Treat It Right

Managing Fusarium dry rot with seed treatments

Published online: Feb 09, 2019 Articles, Fungicide, Seed Potatoes Syngenta
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This article appears in the February 2019 issue of Potato Grower.

Dry rot is one of the most important causes of post-harvest potato loss nationwide. Prevention of the fungus, which is caused by several species in the genus Fusarium, begins with a proper seed treatment.

The pathogen typically infects a tuber via a cut or bruise before slowly spreading throughout the tuber. The first symptoms of Fusarium dry rot are usually dark lesions on the surface of the tuber, while the skin covering the affected area wrinkles as the underlying tissue dries up. Internally, the affected tissue will appear light to dark brown or black as the fungus kills the cells.

Although the fungus primarily enters the tuber through injuries sustained in the seed-cutting phase, it can also spread in seed storage, commercial storage, equipment and conveyor systems, or via infected soil during cultivation. The risk of disease spread is high during storage phases, which is done at cooler temperatures, meaning the fungus tends to spread slowly and take longer for symptoms to appear. However, once you bring out potatoes for cutting and planting, the latent infection manifests in the form of rotted centers. The chances of spreading Fusarium during handling and cutting are very high.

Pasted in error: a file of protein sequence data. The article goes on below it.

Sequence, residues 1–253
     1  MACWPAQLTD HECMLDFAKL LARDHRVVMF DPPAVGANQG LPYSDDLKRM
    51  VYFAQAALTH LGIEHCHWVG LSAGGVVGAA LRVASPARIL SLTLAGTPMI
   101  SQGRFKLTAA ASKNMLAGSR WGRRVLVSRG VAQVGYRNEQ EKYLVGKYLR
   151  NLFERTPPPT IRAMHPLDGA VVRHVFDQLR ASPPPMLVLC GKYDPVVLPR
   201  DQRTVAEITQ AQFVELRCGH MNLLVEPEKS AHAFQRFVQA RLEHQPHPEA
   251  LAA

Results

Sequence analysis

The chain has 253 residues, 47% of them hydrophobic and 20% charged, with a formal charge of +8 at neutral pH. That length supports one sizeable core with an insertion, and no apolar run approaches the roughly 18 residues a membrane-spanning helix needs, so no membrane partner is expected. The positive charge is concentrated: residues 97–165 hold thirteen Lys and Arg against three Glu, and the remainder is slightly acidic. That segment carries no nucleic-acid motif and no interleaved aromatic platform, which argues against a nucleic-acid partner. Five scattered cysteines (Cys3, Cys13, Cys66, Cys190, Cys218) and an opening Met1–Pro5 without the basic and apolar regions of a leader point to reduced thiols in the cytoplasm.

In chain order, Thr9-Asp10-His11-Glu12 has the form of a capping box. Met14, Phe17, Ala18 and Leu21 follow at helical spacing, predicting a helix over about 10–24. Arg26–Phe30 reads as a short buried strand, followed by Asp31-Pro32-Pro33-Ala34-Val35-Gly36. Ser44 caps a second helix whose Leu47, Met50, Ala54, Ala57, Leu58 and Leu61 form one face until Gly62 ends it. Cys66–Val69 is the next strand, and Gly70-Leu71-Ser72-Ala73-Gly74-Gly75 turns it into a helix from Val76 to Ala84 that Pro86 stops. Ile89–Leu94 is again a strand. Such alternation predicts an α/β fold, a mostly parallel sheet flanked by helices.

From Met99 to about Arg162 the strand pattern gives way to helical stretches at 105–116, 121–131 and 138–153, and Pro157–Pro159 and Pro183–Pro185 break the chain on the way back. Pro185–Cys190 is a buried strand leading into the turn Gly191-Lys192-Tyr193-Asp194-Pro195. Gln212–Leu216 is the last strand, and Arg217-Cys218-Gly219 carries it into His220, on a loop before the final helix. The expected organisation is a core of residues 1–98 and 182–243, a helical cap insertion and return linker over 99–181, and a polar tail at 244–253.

“Generally, seed is stored very cold; you don’t see the extent of spread in a storage facility,” says Kiran Shetty, technical product lead for Syngenta. “But once the potatoes start to warm when they’re brought out for cutting and planting, the latent infection that was in the potato starts to cause a dry rot. If the conditions are right, the dry rot will turn into a soft rot. If you plant a seed piece with Fusarium, very likely the Fusarium will spread and you might not get any emergence out of that particular seed piece.”

In preparation for long-term storage of your seed potatoes, there are few things to consider:

  • Check for warm spots in the storage. These areas of rot can quickly spread to surrounding tubers.
  • Maintain a constant holding temperature within the potato pile.
  • When removing potatoes from storage, handle them with great care and avoid bruising. This care should continue throughout post-storage operations until the seed is cut, treated, transported and planted.

It is imperative to use an effective seed treatment when preparing for planting. CruiserMaxx Vibrance Potato, one of Syngenta’s newest seed treatments registered for use in the United States, contains two modes of action to fight Fusarium spread. CruiserMaxx Vibrance Potato also reduces the silver scurf and Rhizoctonia spread in the early stages of plant establishment and subsequent growth and development.

Following are some general guidelines to reduce or eliminate Fusarium problems being carried into the next production season:

  • Consider CruiserMaxx Vibrance Potato for seed treatment to improve seed germination and crop establishment.
  • Inspect seed during the final months of storage to identify and remove any tubers infected with Fusarium. Planting a seed piece infected Fusarium will result in poor plant emergence and contamination of the soil.
  • Thoroughly disinfect all areas and tools prior to seed handling and cutting. Additionally, warm seed tubers to at least 50 degrees Fahrenheit before handling and cutting, in order to minimize injuries that will invite fungus growth.
  • Protect seed from wind and sunlight during planting, as dehydrated seeds are prone to infection.
  • Follow all handling guidelines to reduce chances of Fusarium spread during transportation and planting.
  • Keep potato pulp temperature of the seed as close as possible to the planting soil temperature. This will significantly reduce the chances of Fusarium seed rot.